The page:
Malicious actors had a terrific year in 2022, it seems.
In 2022, cryptocurrency businesses faced severe difficulties; some filed for bankruptcy. In addition to these difficulties, Forbes reports that over $3 billion was stolen from cryptocurrency ventures this year. These disappointments have upended the sector and prompted worries about its stability.
The top five thefts, all employing decentralized finance (DeFi) protocols, accounted for $1.48 billion of the total money taken, the research claims. Crypto projects saw more than 125 hacks.
DEFI Protocols suffered the most losses in 2022
According to Forbes, the top five cryptocurrency thefts have included cross-chain hacking, code flaws, and flash loan attacks.
The top five hacks are $625 million by Ronin Network, $325 million by Wormhole, $190 million by Nomad Bridge, $182 million by Beanstalk Farms in a flash loan attack, and $160 million by Wintermute.
The research claims that 49% of the total cash stolen by hackers this year came through DeFi breaches. As a result, less money has been invested in the industry. According to Elliptic, a blockchain analytics company, DeFi protocols lost 75% of their total value locked (TVL) in 2022. But that also explains why asset prices are falling.
DeFi Llama data also demonstrates a decline in TVL from DeFi protocols, from 166.58 billion at the beginning of 2022 to $39 billion in December.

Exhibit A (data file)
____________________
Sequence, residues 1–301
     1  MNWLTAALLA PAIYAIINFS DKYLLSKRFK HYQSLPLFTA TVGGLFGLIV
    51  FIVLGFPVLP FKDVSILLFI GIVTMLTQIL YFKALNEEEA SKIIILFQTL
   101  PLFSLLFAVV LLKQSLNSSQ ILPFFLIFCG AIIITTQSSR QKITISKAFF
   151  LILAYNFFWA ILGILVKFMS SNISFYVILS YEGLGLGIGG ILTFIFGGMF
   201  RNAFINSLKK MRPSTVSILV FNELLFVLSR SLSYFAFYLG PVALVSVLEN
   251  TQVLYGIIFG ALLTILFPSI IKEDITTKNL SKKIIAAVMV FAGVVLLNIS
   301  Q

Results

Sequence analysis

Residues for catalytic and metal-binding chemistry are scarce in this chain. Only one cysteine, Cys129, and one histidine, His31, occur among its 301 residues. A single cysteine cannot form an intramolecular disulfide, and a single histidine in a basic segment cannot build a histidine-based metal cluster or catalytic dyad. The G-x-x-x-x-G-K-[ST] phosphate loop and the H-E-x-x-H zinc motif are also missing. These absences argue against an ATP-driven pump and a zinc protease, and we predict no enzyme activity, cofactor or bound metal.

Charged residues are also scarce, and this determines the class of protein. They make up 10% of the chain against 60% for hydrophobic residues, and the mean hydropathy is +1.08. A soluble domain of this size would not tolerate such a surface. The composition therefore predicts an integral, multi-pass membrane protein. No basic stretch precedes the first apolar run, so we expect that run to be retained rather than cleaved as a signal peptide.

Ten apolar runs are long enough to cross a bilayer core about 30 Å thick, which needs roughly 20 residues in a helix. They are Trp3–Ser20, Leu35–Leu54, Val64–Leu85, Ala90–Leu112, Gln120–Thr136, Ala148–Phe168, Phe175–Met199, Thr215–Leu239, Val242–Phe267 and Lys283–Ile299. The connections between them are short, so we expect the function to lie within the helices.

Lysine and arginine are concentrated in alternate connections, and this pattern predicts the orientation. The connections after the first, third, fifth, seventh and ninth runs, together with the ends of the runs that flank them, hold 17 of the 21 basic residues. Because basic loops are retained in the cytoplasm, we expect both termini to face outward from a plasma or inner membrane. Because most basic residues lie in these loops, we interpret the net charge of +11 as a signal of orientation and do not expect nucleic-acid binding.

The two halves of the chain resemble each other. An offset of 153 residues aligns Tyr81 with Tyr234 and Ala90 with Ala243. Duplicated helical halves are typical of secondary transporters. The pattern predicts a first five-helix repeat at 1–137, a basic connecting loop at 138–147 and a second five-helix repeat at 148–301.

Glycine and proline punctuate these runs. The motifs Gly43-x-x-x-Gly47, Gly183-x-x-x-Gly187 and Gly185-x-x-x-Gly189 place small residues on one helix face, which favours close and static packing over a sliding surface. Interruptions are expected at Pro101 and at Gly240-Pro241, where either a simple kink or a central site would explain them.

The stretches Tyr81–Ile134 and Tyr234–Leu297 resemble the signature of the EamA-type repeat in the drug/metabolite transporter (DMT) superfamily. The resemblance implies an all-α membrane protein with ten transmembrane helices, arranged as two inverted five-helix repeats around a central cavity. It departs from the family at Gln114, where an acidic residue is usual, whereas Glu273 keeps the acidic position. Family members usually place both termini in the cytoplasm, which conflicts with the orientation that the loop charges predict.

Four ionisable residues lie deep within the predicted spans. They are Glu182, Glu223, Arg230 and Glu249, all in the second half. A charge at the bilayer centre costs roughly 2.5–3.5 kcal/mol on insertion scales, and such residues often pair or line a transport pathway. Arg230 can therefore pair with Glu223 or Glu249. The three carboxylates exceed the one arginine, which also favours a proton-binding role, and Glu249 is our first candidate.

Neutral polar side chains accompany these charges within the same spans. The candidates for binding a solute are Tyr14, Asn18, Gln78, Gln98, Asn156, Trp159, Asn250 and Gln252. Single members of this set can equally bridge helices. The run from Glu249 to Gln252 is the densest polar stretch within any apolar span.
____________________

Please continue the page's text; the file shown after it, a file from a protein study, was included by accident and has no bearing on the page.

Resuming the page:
According to a Forbes study, hackers’ top target this year was cross-chain bridges, which allow tokens to be traded between blockchains. In 2022, hackers will be responsible for 70% of all cryptocurrency theft, stealing around $2 billion from blockchain bridges.
Hackers enjoy DeFi
The studies also demonstrate that, despite DeFi’s originality, it has grown to be a favourite hangout for hackers. But how is this taking place?
The majority of thefts in the DeFi area, according to blockchain analytics company Chainalysis, are caused by faulty coding, and smart contract faults have been exploited to steal money from protocols.
The open source nature of the DeFi ecosystem, according to the research, allows anyone, including hackers, to look for flaws or faults and prepare exploits in advance.